“We couldn’t achieve our requirements with conventional bearings because they are susceptible to dirt, saltwater, and extreme temperature failures,’’ Allen said. “In the end, the flanged bushings we used made of iglide J convinced us that they were the best choice in terms of performance, durability, reliability, and cost.”
igus components are frequently used in automotive applications. Besides their durability—iglide bearings last up to eight times longer than metal components—they are also self-lubricating, lighter, quieter, and dampen vibration. All of those factors are important considerations for rough-hewn ATV vehicles.
Bonk added other bearings proved to be too bulky and were prone to failure. “The durability and self-lubricating properties were critical, but they also provided ease of integration,’’ Bonk said.
The LyteHorse is another example of the expanding electric mobility market. According to a report from McKinsey, 2020 was a banner year for electric-vehicle sales. In the fourth quarter of 2020, sales of EVs grew 60% and 80% in China. EV sales in the United States increased nearly 200% between the second quarter of 2020 and the second quarter of 2021.
The ATV market is also expanding. Canada, in particular, saw a surge in ATV sales during 2020. As people wrestled with the virus, they also sought opportunities to find outdoor adventures. Sales of ATVs rose 30% in 2020 in Canada, with increases in every Canadian province.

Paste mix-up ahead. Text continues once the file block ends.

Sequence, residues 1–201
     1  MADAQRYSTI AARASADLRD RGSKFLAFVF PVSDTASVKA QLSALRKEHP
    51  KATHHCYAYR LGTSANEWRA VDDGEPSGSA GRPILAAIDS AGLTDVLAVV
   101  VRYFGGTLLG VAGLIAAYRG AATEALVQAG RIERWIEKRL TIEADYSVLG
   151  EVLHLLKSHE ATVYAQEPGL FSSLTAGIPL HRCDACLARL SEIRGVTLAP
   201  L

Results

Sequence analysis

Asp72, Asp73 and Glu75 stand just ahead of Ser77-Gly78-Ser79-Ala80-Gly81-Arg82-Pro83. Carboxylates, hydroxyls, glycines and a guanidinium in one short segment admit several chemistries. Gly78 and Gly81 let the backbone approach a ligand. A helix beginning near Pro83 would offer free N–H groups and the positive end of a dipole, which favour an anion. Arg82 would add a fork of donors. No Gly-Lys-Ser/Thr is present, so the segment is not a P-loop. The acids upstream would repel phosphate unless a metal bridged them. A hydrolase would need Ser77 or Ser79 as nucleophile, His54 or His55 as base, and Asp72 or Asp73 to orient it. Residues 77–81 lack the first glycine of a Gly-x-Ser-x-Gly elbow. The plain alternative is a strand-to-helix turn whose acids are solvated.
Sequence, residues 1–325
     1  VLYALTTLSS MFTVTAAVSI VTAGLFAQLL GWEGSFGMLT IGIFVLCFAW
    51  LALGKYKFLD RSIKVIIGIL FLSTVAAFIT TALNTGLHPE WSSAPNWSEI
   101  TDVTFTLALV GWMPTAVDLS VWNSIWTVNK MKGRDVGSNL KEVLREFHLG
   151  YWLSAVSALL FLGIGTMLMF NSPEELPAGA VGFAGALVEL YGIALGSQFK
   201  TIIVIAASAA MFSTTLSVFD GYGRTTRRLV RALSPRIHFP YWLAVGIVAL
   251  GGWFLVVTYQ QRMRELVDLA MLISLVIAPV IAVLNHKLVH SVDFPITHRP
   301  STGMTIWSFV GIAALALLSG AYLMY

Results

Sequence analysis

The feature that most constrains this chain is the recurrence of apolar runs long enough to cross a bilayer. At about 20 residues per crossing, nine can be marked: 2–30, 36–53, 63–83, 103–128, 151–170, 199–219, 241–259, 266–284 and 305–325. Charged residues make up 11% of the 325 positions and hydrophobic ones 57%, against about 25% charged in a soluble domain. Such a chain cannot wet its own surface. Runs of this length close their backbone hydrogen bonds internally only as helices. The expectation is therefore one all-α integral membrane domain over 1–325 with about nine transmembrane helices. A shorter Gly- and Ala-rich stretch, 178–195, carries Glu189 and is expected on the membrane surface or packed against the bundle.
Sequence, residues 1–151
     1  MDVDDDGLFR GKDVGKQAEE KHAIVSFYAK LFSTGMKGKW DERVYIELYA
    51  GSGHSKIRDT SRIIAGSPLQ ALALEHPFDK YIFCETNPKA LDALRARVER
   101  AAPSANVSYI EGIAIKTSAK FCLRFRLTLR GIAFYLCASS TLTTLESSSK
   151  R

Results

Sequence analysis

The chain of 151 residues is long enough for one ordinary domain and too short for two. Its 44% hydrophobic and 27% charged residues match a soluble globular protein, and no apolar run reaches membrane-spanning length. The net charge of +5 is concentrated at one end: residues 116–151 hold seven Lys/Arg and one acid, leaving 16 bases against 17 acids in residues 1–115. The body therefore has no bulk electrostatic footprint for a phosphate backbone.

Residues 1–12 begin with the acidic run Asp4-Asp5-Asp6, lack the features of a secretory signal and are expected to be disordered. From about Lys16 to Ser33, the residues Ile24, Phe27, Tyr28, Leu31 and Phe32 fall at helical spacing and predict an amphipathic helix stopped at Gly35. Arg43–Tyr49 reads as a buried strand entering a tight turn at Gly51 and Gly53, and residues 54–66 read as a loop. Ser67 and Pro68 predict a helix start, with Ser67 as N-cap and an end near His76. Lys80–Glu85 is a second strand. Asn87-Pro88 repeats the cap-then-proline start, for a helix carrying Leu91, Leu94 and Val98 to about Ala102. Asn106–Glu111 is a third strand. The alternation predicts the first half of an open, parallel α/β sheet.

The northern neighbor of the United States is one of the world’s richest in terms of ATV trails. The Great Trail extends nearly 15,000 miles from east to west. Saskatchewan is one of the nation’s favorite ATV destinations. Waskesiu Lake in Prince Albert National Park, spanning 2,407 square miles, is rife with trails. Riders share space with abundant wildlife, everything from elk, moose, and wolves to one of the last remaining herds of free-range plains bison in the world.
The combination of increased interest in ATVs and outdoor recreation in the wake of the virus provides the perfect conditions for LyteHorse. In addition, in a world increasingly concerned with climate change, the electric operation will reduce emissions and provide a safer source of power for the environment. The concept and the business appear to be perfectly positioned at the right place at the right time.
LyteHorse Labs stands poised to tap into the emerging EV market, in large part due to the range of applications for which its product can be used. More than 20 mobility-related industries can be made easier and more efficient with LyteHorse, Allen said. In addition, units can also be customized with various racks, lighting, winches, and other features, depending upon the application.
While it took several years and many iterations to develop the final product, Allen Bonk believes the LyteHorse will be a game-changing ride for the electric mobility market.
“It has definitely exceeded all expectations,’’ Bonk said. “The machine is a beast and incredibly rugged. The applications are endless.”